8 steps to protect yourself before federal unemployment expires on July 31st
Be prepared — you could lose access to these benefits sooner than you think.
Millions of Americans who lost their job due to the coronavirus outbreak are slated to lose their bonus $600 a week in unemployment benefits when the Federal Pandemic Unemployment Compensation program expires on July 31st.
Congress created the program when it passed the CARES Act, with the expectation that the economy would have recovered by mid-summer. But with no end in sight for COVID-19, many are wondering just how they are going to pay their bills come August.
While it’s possible that Congress will extend more extra unemployment coverage, it likely won’t happen before the end of the month. In the meantime, there are several steps you can take now to protect yourself and your finances before the money runs out.
1. Double check when your federal benefits run out ASAP
Even though the program technically ends on July 31st, you might lose access to the additional $600 earlier. For example, Virginia residents will stop getting pandemic compensation on July 25th. In many other states, the program will end on July 25th or 26th. And New York residents will receive the benefit until the end of the month — but with a delay, due to a processing error.
Everyone who receives this benefit should check with their state’s unemployment department. You’ll find out when the program ends and learn about any hitches so you aren’t caught off guard.
2. Put together a budget for at least three months
Look at your savings, regular state unemployment benefits and any other sources of income over the next three months. Then tally up all regular bills and expenses for August, September and October. And don’t forget any annual subscriptions that you might have to renew during this time period.
While it’s likely you’ll receive more federal aid within the next month, it’s not guaranteed. Three months should have you covered in case anything unexpected happens. After all, this is the year of things not going according to plan.
Owe more than you’ll receive? You’ll need to find places to cut back.
3. Cut out unnecessary expenses
Maybe you’ve already canceled that streaming account you never really use and stopped buying lattes. But now is the time to be a little ruthless. Go over your spending and break out your expenses into three categories: what’s nice to have, what you can live without for a few months and what’s essential. Using a budgeting app to track your spending can help. But even a hand-written three-column list can be effective.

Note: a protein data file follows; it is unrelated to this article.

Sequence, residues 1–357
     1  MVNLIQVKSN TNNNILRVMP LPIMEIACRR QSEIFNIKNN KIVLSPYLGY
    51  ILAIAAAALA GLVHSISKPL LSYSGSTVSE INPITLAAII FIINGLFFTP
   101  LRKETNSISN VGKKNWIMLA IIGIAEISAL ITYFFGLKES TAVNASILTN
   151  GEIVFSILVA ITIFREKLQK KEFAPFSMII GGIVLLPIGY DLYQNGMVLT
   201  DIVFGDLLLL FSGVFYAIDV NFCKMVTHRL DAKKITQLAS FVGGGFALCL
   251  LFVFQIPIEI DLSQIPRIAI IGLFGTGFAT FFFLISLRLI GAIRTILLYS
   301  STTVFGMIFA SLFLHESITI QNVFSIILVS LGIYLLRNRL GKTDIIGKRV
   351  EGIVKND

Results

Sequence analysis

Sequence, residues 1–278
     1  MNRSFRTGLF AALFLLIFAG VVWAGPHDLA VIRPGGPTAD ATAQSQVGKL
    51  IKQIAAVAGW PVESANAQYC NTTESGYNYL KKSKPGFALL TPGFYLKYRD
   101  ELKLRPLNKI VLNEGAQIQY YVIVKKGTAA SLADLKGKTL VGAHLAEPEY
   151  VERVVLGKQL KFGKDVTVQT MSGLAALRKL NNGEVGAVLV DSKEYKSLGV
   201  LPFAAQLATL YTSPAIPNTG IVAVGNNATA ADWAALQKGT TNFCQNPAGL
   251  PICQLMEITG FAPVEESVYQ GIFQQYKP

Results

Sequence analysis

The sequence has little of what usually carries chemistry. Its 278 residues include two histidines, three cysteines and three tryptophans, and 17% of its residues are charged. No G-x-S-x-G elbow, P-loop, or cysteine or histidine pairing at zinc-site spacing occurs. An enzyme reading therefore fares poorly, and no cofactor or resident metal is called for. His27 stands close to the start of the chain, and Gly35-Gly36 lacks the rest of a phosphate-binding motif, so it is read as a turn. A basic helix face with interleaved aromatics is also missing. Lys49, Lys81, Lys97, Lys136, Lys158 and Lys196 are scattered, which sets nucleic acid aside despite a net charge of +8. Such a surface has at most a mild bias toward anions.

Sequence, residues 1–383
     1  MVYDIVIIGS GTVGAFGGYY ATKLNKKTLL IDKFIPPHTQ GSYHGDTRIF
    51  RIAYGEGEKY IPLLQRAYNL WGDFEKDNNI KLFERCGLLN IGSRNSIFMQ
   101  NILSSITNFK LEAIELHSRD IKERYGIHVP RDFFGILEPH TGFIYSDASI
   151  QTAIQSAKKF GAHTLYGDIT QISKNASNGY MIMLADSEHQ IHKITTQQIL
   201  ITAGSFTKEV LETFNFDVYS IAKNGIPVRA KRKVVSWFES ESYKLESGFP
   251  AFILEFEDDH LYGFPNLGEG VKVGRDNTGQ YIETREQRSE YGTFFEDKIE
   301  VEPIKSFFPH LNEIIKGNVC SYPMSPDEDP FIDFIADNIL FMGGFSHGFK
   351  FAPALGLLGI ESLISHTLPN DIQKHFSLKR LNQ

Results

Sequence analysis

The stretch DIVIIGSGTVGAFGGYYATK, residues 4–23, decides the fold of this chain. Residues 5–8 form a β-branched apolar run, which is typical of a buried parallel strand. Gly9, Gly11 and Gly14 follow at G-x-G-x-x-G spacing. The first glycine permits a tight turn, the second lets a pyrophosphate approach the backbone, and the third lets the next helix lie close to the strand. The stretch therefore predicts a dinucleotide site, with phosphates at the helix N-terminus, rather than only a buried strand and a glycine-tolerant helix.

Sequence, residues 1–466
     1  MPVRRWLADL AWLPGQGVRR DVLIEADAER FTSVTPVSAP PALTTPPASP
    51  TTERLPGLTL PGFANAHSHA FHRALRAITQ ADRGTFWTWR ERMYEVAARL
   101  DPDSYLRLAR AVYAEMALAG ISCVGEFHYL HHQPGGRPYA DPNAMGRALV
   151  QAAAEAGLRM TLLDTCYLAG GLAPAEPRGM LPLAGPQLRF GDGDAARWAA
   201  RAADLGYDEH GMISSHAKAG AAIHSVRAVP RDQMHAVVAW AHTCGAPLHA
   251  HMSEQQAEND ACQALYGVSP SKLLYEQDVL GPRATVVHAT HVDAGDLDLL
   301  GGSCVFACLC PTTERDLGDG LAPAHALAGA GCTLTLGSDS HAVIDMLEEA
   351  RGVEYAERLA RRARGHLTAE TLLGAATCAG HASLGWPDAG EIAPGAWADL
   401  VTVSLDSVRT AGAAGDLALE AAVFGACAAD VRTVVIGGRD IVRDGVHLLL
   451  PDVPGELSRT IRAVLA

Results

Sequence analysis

You don’t have to cut out everything in the “nice to have” column. You might really need a luxury or two to feel sane, and that’s OK. But you might want to cut back on a few if you anticipate struggling with your bills.
4. Prioritize your debts
Some debts are more urgent than others. Under normal circumstances, prioritizing high-interest debt over other accounts can save you the most, since interest adds up at a faster rate. But now, you also might want to factor in payment flexibility.
For example, credit cards have high interest rates compared to loans and mortgages. But they only come with monthly repayments. If you’ve already hit your forbearance limit on your car loan and mortgages, skipping a month or two of paying off your credit card balance will have a less damaging impact on your credit.
Talk to your creditors before making any decisions about debt. These are unprecedented times and they may have an emergency forbearance program to avoid a wave of defaults.
And if your credit hasn’t yet taken a hit, now is the time to consider consolidating debts or accessing credit to create a financial cushion while you still may qualify.
5. Negotiate with your landlord
Now is the time to let your landlord know if you think you might not be able to pay next month’s rent. They’ll likely be more understanding if you tell them ahead of time — and not so understanding if you’re just late.
6. Apply for other government assistance programs
Unemployed Americans have more access to government assistance programs than before. For example, Families First Coronavirus Response Act made it possible for you to get SNAP benefits —formerly known as food stamps — while also receiving unemployment. And Medicaid isn’t counting the $600 in federal unemployment benefits toward your income, making it easier for more people to qualify.
Many states also have additional assistance programs. For example, New York recently launched a program to help residents cover rent. Most local governments have a list of available resources online. Apply to as many as you can, as soon as you can — funding tends to run out quickly.
7. Look into private relief programs
Private organizations also are offering financial assistance to individuals impacted by the coronavirus. Often these are available by area or industry. For example, the Restaurant Employee Relief Fund offers grants of $500 to restaurant workers who got laid off.
Also look for mutual aid networks near you. These have sprung up across the country and often provide free meals and other kinds of assistance to people in their neighborhood. And often they can point you toward other resources.
8. Stay on top of the news
Chances are good that more relief is coming. Leaving millions of Americans high and dry would deal a devastating blow to the economy, and lawmakers know it. And don’t ignore your state and local governments. They might be able to pass assistance programs faster than Congress — but at a more limited capacity.
Apply as soon as you can when new programs become available. This can help ensure there are as few gaps in your income as possible.
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